A new study conducted by Energy Systems Catapult demonstrates that replacing the UK’s current national approach to wholesale power prices with a localised model “could be the foundation of a net zero system”.
The report, titled International Learnings on Investment Support for Clean Electricity, used the results of a study into international Local Marginal Pricing (LMP) markets, commissioned by Octopus Energy, to support its claim.
The study was conducted to inform the ongoing Review of Electricity Market Arrangements (REMA) consultation, which is being carried out by the Department for Business, Energy, and Industrial Strategy (BEIS).
LMP – also referred to as Nodal Pricing – entails market prices being determined for multiple locations on the transmission grid, called nodes. Therefore, the price of each node would reflect the locational value of energy. This would alter how generators dispatch, as they would produce power in response to the system operator rather than their contract or market conditions.
Key findings from the report include: LMP is not an obstacle for large-scale clean-energy investments; in fact, combining LMP with “demand pull” policies for renewable investments significantly supports these investments; and, the technology mix that would develop under LMP markets could benefit the UK energy market.
The study aimed to advise a market design that would support investment both in flexibility and renewable generation. Accordingly, international markets that already use LMP in the US and New Zealand were analysed, as well as European markets that have zonal pricing mechanism.
A potential detraction to introducing a LMP system is the fear that it may hinder investment in crucial renewable assets such as wind, which need to be located at the edge of the system.
The report however, observed that the international markets that had adopted LMP, also introduced a number of “demand pull” policies which incentivise investment in renewables. Examples include clean energy standards for suppliers or tax credits in return for renewable investments. These policies produced positive results in California for example, which has boosted its network with 3.5GW of wind capacity and 14GW of solar PV since introducing LMP in 2009.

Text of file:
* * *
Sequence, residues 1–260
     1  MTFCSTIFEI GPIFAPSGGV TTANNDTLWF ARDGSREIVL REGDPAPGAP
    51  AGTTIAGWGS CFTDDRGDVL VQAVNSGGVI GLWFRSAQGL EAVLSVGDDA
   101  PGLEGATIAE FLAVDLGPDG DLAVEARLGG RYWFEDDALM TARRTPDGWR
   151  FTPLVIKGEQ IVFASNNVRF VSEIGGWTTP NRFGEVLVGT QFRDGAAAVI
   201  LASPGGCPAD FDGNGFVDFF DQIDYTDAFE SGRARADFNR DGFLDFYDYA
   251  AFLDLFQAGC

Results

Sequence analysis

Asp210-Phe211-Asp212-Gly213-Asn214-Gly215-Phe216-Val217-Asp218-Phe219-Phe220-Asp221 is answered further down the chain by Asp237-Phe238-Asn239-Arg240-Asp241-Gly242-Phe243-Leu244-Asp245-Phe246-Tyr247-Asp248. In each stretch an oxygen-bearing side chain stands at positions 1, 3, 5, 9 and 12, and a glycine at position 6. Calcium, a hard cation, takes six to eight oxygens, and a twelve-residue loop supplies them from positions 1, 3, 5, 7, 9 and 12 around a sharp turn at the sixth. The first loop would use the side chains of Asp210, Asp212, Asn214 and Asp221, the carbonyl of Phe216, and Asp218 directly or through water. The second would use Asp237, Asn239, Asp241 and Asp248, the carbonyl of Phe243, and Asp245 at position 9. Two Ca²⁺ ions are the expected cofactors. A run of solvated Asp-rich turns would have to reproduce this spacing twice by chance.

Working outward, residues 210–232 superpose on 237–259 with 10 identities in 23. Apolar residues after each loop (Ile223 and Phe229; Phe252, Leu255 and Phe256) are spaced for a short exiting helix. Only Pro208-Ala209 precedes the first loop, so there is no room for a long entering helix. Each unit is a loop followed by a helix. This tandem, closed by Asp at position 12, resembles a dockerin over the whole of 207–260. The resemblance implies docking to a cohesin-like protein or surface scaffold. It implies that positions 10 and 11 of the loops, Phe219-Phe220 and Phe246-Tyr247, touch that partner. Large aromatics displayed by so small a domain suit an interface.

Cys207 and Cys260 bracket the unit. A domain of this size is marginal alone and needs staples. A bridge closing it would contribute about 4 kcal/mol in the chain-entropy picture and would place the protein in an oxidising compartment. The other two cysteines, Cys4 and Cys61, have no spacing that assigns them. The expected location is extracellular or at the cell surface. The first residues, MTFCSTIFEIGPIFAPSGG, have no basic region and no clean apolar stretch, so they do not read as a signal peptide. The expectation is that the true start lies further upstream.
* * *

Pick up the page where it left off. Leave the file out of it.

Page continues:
Some commentators also signalled a link between sharper price signals in LMP markets increased the cost of capital for generators, but the study reported no conclusive evidence towards that conclusion.
The report noted that energy storage was disproportionately located in LMP markets that were operated by Independent System Operators (ISOs) and Regional Transmission Organisations (RTOs).
The link between the use of LMP and the provision of storage in the US is prominent as LMP markets account for 74% of large-scale battery storage power capacity (GW) and 72% of energy capacity (GWh), despite only amounting to 58% of grid capacity.
Emerging evidence of “intermittent renewables behaving more like price-responsive assets in LMP markets by contracting with or co-locating with storage” was also signalled by the report.
“Our analysis of other national electricity markets has helped us to make several general observations that can apply to the current debate around the Review of Electricity Market Arrangements (REMA),” said head of markets, policy & regulation at Energy Systems Catapult, Ben Shafran.
“The most significant finding of the report is that Locational Marginal Pricing (LMP) can be the foundation to a net zero electricity system, and can be enhanced if coupled with policies that create a “demand pull” for clean energy investments.
“The perceived conflict between market designs that support investments in renewable generation and those that support investments in flexibility can be overcome; they do not need to be mutually exclusive. Britain does not need to choose between a market that works for investors in renewables and a market that works for investors in flexibility – both can be successfully accommodated by learning from international experience.”
National Grid ESO also suggested that a nodal wholesale market would be an attractive alternative to the excessive costs imposed by the current model, earlier this summer.